We all know that bicycling is a great sport or hobby. It’s also a great workout and an excellent source of cardiovascular exercise. As with any activity, however, there are safety considerations that remain important. Among them is the question of whether or not to wear bike helmets.
What is required by law?
No state currently requires helmets for adult cyclists, but just under half of the states require the use of bike helmets by riders under a certain age. Also, the city or town where you live might have its own ordinance that applies to the wearing of bicycle helmets by adult riders, or by riders under a certain age.
For example, Massachusetts requires any person 16 years old or younger to wear a bicycle helmet. But adults do not have that same requirement. Therefore, what are other considerations regarding bicycle helmet use?
Let’s first consider the normal anatomy of the head and protective structures that surround the brain, starting from the outermost protective measures to innermost. The first layer of protection is the skin. Although the forces that the skin and hair can absorb are relatively small, the skin plays an important role in defending against invasion from bacteria and other external pathogens.
A helmet can divert some forces away from the skin on the top of the head to preserve its infection control purposes.
The skull is composed of bone. It is nature’s attempt at an internal helmet. It evolved to protect our body’s most sensitive and functional organs. The problem is that in this day and age of higher velocity and greater forces that can impact the skull, the cranium sometimes needs reinforcement—especially when we are exposed to forces commonly seen in cycling accidents. Accordingly, helmets can serve a critical complementary role in brain and injury protection.
The innermost layer of protection in the head is the cerebrospinal fluid surrounding the brain. This fluid acts as another type of shock absorber.
It creates an environment of buoyancy for the brain. This buoyance permits density within the brain without the weight effects. Its protective mechanism comes from its ability to absorb certain small jolts or impacts. This measure of protection, however, is limited in higher impacts.
The Statistics Tell The Story
Researchers at the National Highway Traffic Safety Administration1 (NHTSA) found that helmets reduced the likelihood of serious head injury by 60 percent. Additionally, in cases where it was known whether cyclists were wearing helmets, 79 percent of those who were fatally injured between 2010 and 2017 were not wearing them.
The NHTSA also said in a 2018 report 2, that 857 cyclists were killed in traffic crashes in 2017. This is the highest number of fatalities since 1990. Cycling trips account for one percent of all trips made in the U.S. each year, and nearly two percent of all traffic fatalities.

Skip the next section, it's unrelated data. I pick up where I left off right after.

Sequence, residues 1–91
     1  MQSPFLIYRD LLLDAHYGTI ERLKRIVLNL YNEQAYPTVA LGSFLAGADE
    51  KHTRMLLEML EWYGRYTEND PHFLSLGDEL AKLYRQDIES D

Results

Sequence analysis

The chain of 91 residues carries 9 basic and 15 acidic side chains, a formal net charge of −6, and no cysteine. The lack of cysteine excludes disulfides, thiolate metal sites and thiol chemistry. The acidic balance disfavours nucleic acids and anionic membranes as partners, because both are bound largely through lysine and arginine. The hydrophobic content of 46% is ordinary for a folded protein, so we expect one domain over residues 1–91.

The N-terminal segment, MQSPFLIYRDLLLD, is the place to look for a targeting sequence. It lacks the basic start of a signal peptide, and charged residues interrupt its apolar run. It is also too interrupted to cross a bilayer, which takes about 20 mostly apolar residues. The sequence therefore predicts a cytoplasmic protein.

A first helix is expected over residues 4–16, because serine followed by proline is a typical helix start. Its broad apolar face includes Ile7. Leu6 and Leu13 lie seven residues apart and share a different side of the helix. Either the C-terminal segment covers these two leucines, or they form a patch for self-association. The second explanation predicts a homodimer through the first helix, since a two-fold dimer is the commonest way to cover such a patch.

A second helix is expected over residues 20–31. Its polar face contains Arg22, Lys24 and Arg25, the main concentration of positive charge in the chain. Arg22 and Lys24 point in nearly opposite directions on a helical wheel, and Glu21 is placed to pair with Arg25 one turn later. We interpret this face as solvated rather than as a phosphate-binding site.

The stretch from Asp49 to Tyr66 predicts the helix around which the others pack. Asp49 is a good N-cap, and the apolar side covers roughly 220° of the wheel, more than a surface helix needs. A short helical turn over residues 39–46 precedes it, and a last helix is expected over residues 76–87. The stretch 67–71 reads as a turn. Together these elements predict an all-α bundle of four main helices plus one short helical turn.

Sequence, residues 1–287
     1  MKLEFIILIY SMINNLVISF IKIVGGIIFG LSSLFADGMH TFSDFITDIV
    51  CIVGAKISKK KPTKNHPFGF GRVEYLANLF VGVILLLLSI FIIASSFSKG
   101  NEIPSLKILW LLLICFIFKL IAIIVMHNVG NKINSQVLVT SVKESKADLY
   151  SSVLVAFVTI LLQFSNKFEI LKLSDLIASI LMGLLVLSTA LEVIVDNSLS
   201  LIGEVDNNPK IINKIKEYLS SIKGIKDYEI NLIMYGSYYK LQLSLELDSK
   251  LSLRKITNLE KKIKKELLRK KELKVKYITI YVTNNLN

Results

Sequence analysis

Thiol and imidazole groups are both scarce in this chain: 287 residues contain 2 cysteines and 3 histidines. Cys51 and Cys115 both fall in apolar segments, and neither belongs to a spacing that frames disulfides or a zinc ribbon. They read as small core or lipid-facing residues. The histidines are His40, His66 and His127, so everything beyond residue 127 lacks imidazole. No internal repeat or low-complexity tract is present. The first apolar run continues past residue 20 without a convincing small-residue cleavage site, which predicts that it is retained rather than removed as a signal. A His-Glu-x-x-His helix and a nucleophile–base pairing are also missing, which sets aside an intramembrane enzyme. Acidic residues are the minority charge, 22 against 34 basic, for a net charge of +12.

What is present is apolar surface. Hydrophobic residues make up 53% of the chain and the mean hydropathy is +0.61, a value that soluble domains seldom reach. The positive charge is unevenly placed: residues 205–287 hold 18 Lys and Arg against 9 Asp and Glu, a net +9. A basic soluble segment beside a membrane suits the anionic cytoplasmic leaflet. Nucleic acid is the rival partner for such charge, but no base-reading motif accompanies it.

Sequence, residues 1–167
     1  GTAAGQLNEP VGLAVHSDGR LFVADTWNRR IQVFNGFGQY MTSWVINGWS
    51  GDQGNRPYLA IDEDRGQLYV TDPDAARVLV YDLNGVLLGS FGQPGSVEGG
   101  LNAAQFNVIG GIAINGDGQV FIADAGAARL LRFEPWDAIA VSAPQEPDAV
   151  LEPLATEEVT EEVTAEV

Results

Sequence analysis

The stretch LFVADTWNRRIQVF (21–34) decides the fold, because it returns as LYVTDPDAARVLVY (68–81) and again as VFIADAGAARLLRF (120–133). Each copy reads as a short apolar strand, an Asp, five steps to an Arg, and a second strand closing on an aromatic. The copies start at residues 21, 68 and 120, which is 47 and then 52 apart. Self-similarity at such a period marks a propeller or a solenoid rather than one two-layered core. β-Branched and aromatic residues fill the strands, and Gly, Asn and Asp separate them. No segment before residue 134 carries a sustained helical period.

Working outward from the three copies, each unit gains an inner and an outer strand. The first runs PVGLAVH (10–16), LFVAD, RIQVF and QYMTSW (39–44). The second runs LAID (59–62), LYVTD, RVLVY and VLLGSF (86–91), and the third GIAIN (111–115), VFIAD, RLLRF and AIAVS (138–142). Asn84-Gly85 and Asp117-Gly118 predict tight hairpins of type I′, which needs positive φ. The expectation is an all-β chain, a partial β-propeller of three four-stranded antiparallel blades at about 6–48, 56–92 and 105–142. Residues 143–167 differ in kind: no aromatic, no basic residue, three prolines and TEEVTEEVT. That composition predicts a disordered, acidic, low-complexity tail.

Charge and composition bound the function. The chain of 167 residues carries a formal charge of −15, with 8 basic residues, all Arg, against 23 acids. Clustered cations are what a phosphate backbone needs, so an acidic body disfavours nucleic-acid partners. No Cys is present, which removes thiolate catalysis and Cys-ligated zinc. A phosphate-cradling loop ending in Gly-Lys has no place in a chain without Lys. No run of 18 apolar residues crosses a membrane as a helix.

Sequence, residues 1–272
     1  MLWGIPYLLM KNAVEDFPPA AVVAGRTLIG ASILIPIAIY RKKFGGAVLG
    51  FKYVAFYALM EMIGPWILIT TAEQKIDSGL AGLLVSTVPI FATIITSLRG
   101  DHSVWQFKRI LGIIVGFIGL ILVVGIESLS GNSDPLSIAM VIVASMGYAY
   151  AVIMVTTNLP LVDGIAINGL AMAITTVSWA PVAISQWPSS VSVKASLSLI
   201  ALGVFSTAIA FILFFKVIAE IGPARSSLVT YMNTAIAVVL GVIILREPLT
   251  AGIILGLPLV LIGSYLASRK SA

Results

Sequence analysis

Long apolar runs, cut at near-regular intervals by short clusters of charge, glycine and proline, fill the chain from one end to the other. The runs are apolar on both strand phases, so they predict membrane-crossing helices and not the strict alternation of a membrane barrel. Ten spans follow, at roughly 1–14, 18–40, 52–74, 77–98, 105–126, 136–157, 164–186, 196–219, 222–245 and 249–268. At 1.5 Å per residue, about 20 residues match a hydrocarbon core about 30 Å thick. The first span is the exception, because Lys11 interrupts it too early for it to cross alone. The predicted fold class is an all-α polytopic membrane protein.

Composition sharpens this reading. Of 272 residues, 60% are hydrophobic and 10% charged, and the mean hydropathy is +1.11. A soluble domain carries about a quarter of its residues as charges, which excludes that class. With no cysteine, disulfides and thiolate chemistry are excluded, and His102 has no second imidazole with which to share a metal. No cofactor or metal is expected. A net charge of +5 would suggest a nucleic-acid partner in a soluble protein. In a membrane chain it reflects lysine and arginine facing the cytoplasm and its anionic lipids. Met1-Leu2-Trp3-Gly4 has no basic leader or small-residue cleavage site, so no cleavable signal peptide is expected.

Cyclists who receive a head injury while riding without wearing a helmet are three times more likely 3 to die than those who are injured while wearing a helmet. Bicycle helmets also prevent serious brain injury in 88% of serious crashes 4.
Unfortunately, the risk of concussion is very real for cyclists. In 2013 the New York Times reported 5 that cycling had the highest concussion rate among all sports, including football. Sometimes the effects of a concussion can last for months or even years. Many times, they are permanent.
More Education About Bike Helmets Is Needed
Despite these shocking statistics, less than half of all bicycle riders wear helmets. Even worse, the percentage of teens who wear a helmet is significantly less than half.
Riders give many reasons for not wearing helmets. These include the belief that helmets are uncomfortable, not socially acceptable 6, or are unnecessary because they are skilled riders.
A February 2017 analysis 7 in the International Journal of Epidemiology reviewed 40 separate studies and found helmet use significantly reduced the odds of head injury. They also found the odds of a fatal head injury to be lower when cyclists wore a helmet.
For everyone, the results clearly show that wearing a helmet can significantly reduce the risk of serious injuries and death. Therefore, we need to find ways to encourage helmet use and hopefully save lives.
Dr. John, Esq. is both an attorney and a physician. Before obtaining his law degree, Dr. John Naranja practiced for approximately 12 years as an orthopedic surgeon.
1 National Transportation Safety Board. Mitigating Head Injury, Ivan Cheung, PhD
2 U.S. Department of Transportation, National Highway Traffic Safety Administration. Traffic Safety Facts. 2018 Fatal Motor Vehicle Crashes: Overview
3 ScienceDaily. Science News. Bicycle helmets prevent fatal head injuries, study finds
4 National Highway Traffic Safety Administration, part of the U.S. Department of Transportation. The National Strategies for Advancing Bicycle Safety
5 New York Times Really? Cycling Is the Top Sport for Head Injuries
6 Bike Safety. Why is it Important to Wear a Bike Helmet?
7 Oxford Academic. International Journal of Epidemiology. Bicycle injuries and helmet use: a systematic review and meta-analysis